WASHINGTON, D.C. – Folk music is known for its foot-tapping, hand-clapping, barn-raising style – but now, a group of Dominican brothers is giving the genre a theological twist.
Meet the Hillbilly Thomists, a group of Dominican brothers who have a new album coming out on Dec. 12, which they describe as an authentic human and religious experience.
“Music can be sacred, but it can also be simply human – which is also sacred, just in a less explicit way with lyrics and themes,” Brother Timothy Danaher, one of the vocalists, told Catholic News Agency in an interview with four of the band members.
“The New Evangelization needs all kinds of music, both the sacred and the human, to get the attention of people going about their daily lives.”
The band consists of 10 members from the Dominican House of Study and St. Dominic’s Priory in Washington, D.C. It began as a lighthearted project with a focus on traditional Celtic music.
“The band itself was started by a couple of friars in our province,” said Brother Jonah Teller, who sings and plays guitar in the band. It grew out of a group of brothers who would get together to play Irish tunes, he said.
At first, the project was a fun excuse for the brothers to get together weekly and enjoy music. But as it grew from Irish tunes to more folk and bluegrass, the band began to perform publicly, receiving gigs for Catholic venues outside of the house.
The name “Hillbilly Thomists” comes from a line delivered by Catholic author Flannery O’Connor. After her novel “Wise Blood” was released, she said people had identified her as a “hillbilly nihilist,” to which she responded that she was more like a “hillbilly Thomist.”
The album is eponymous – named after the band – and consists of 12 songs featuring instruments including the guitar, washboard, fiddle, banjo, and the bodhrán, an Irish drum. Eleven of the songs are covers of old-timey spirituals like “Poor Wayfaring Stranger,” “Amazing Grace,” and “St. Anne’s Reel.” The album also includes an original song, “I am Dog,” written by Brother Justin Bolger.
When asked how music corresponds to evangelization, the band emphasized that humans are both spiritual and physical beings, and that their spirits are lifted by beautiful images and sounds, especially when accompanied by Scripture-based lyrics.
“I do think music can enhance evangelization if done right. We’re bodily beings, so beautiful images and sounds can be good for us, can help lift our minds to God,” said Brother Peter Gaustsch, who plays mandolin, piano, and guitar.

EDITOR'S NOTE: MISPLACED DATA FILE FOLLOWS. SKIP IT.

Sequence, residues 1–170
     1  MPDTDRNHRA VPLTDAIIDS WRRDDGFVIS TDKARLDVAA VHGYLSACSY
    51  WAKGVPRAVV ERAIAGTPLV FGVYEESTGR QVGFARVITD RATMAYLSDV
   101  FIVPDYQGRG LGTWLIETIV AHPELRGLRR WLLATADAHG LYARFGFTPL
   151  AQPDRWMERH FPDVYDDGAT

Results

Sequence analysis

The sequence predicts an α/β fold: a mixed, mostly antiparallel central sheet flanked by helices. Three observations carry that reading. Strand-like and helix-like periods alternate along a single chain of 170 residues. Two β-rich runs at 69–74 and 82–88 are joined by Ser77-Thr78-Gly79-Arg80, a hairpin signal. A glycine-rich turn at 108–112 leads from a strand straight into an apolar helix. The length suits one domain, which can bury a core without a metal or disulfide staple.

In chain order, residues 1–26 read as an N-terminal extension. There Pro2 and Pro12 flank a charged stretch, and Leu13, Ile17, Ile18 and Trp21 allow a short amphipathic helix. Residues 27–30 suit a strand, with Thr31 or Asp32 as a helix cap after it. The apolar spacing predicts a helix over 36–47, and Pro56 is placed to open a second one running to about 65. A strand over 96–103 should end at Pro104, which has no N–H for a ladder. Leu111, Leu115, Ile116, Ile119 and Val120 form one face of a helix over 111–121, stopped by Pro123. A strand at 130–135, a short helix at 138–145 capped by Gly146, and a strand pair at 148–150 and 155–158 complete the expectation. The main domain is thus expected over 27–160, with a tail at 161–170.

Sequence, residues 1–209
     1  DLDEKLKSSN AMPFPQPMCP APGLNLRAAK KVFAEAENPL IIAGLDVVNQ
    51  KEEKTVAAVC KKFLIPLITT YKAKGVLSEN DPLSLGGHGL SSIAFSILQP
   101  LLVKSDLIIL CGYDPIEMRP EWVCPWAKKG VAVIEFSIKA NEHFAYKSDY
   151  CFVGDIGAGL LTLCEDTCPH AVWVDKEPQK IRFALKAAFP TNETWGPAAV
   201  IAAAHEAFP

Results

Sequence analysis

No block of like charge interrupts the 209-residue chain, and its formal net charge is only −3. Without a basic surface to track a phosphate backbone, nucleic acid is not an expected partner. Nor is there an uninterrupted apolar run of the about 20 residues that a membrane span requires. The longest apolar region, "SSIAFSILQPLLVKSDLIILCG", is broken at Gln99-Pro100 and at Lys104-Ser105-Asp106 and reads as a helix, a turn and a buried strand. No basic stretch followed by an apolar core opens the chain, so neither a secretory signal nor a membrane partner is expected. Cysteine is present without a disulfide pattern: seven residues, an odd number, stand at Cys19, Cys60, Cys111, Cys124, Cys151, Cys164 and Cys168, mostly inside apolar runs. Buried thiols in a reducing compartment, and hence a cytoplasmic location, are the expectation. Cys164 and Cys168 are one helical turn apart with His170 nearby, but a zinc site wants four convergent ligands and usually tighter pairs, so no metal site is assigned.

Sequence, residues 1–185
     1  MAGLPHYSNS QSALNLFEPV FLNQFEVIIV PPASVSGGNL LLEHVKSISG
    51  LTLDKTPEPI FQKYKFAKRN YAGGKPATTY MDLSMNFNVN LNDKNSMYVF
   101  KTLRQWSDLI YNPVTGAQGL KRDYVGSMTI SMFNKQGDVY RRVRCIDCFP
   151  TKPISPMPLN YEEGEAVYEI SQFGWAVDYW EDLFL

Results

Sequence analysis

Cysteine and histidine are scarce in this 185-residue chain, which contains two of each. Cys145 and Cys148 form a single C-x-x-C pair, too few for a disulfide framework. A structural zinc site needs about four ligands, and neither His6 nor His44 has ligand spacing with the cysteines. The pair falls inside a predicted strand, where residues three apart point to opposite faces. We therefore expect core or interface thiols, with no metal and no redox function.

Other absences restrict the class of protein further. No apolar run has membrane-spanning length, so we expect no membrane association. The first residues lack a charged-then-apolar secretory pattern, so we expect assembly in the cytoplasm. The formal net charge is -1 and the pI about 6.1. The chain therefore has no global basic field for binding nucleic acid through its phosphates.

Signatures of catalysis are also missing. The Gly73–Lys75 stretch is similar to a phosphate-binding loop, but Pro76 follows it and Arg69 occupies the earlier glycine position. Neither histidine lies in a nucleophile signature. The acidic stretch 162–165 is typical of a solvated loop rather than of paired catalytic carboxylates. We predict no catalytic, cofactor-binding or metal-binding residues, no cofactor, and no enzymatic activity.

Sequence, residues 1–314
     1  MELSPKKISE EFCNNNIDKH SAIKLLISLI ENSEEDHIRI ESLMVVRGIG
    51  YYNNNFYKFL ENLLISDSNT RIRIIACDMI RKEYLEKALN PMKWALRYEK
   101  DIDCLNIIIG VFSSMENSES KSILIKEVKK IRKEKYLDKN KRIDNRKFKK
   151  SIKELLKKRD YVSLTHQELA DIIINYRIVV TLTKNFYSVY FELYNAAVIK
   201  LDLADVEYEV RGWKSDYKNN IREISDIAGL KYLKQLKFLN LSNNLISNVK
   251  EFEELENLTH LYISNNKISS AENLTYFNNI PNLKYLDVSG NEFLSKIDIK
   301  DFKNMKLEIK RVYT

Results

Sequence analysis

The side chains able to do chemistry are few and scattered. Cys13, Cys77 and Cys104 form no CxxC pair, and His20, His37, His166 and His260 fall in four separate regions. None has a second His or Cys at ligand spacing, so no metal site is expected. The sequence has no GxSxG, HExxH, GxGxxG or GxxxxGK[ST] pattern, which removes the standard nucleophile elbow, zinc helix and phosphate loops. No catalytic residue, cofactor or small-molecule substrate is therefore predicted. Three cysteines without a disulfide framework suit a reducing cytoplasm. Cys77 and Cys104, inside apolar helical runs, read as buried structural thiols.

The Dominican order has released several albums of choir music, but the band hopes that this project reaches hearts of its listeners in a different way.
“There are so many great old songs in this tradition that speak of God’s love, his mercy, his grace, and our hope in him,” said Bolger, who sings and also plays piano, accordion, bass, and guitar.
Among the songs on the album is “Poor Wayfaring Stranger” – an American spiritual which has been covered by artists including Johnny Cash and Emmylou Harris.
The wayfarer – or traveler – is an important image in Catholic theology, one of the brothers said, and cited examples from St. Thomas Aquinas and St. Augustine.
“The poor wayfaring stranger is all of us,” said Gautsch. “There’s a strong theme in the history of Christian spirituality of our lives as a kind of pilgrimage to our heavenly homeland.”
“There’s a loveliness and beauty that carries with it the longing for our heavenly home and the trials that can face us as we make our way towards the Lord, hopeful because of the promise of his love and mercy,” added Teller.
Gautsch said the song depicts the struggle that is part of carrying our individual cross and learning to rely on the graces Christ provides for the journey.
“Sometimes the way is hard and steep, as the song says – in fact, it inevitably involves the cross – but the path has already been trod by Christ, who goes before us to prepare a place for us.”